Kettering social media influencer censured by watchdog for TikTok GHD post

Emily Canham was advertising straighteners but didn't make it clear to her followers

Saturday, 7th November 2020, 10:00 am
Emily has 700,000 followers on her Insta and TikTok channels and a million on her YouTube channel. Pic: Emily Canham Instagram

A Kettering influencer has been rapped by the Advertising Standards Authority after failing to make it clear to her followers that a post about GHD hair straighteners was an advert.

Emily Canham, who went to Southfield School and is dating Busted star James Bourne, has 700,000 followers on the social video app TikTok, which has exploded in popularity since the first UK lockdown.

The ASA ruling said that a video of Emily using the appliance posted on June 14 had a caption saying: "hiii just a lil psa there's 20% off the GHD website TODAY ONLY with the code EMILY … #fyp #foryourpage".

Sign up to our daily newsletter

The i newsletter cut through the noise

A complainant challenged whether the ad was obviously identifiable as marketing.

The ASA said that Jemella Ltd, which owns the GHD brand, provided a copy of a contract governing their relationship with Emily which said she had provide a number of social media posts while at a music festival.

But after the COVID-19 outbreak, the festival had been cancelled, the contract varied, and Emily's brief changed to provide a TikTok video on 26 May, a YouTube video with the accompanying promotional discount code “EMILY” across 13 to 14 June, and two Instagram posts across 13 to 14 June.

They said the TikTok post-dated 14 June was created without their oversight and approval and did not form part of Emily's contractual obligations to them, and additionally she had not been compensated for the promotional code featured therein.

Emily's agent said their client had not been paid for the post or received commission for the promotional code featured in the post. They said Emily had removed the video from her TikTok account.

Upholding the complaint, the authority said the UK CAO code said that marketing communications must be obviously identifiable as such and that they must make clear their commercial intent, if that was not obvious from the context.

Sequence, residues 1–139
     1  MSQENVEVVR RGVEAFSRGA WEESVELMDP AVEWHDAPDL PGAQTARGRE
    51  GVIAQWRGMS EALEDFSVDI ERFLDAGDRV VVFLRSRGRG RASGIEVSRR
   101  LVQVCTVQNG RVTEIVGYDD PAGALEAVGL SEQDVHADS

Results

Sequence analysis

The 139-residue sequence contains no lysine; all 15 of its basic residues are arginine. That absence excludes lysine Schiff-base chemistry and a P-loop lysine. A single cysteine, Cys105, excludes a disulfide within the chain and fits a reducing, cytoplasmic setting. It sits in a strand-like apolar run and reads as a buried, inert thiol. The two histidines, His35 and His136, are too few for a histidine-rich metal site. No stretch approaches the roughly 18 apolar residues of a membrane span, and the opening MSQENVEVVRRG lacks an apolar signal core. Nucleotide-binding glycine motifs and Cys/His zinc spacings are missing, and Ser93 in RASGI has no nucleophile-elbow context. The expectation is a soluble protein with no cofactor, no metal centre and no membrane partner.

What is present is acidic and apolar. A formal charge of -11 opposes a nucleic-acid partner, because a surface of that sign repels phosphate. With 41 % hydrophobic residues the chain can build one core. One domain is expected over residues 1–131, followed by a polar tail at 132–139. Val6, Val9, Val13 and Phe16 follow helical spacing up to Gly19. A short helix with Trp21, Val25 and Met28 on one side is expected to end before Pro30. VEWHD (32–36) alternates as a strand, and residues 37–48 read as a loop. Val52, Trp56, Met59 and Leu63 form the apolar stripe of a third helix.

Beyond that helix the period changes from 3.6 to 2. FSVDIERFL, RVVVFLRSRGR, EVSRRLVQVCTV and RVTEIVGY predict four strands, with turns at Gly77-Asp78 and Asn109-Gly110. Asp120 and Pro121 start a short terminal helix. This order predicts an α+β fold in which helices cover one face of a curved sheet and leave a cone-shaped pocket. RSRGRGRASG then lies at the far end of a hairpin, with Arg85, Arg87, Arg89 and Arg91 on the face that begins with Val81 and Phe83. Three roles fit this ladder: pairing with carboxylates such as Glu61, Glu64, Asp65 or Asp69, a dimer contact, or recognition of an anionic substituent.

Under the financial agreement between Emily and GHD, she was contracted to post a number of videos and posts across her social media accounts and that one of those videos, on YouTube, should contain the promotional code “EMILY”.

The ASA said the statement “20% off the GHD website TODAY ONLY with the code EMILY” appeared in other posts on social media made by Emily as part of her contract on the same day as that post.

Although the post under investigation was not paid for, the ASA said that the post featured the same promotional code stipulated in the agreement to promote GHD.

While Emily had not received commission for any sales generated through the use of the promotional code the ASA considered the post was an ad and had appeared as part of an exhortation by Emily encouraging consumers to buy GHD’s products, and therefore the commercial nature of the content should have been made clear prior to consumers using the code.

But Emily had not made it clear to those viewing it that it was an ad and the ASA concluded that the post was not obviously identifiable as a marketing communication and as such breached the Code.

Emily and GHD were banned from running the same advert again and reminded of their obligation to identify future adverts.

Emily, whose social media lifestyle posts are viewed by thousands every day, has recently returned from London to live in Kettering to be closer to her family.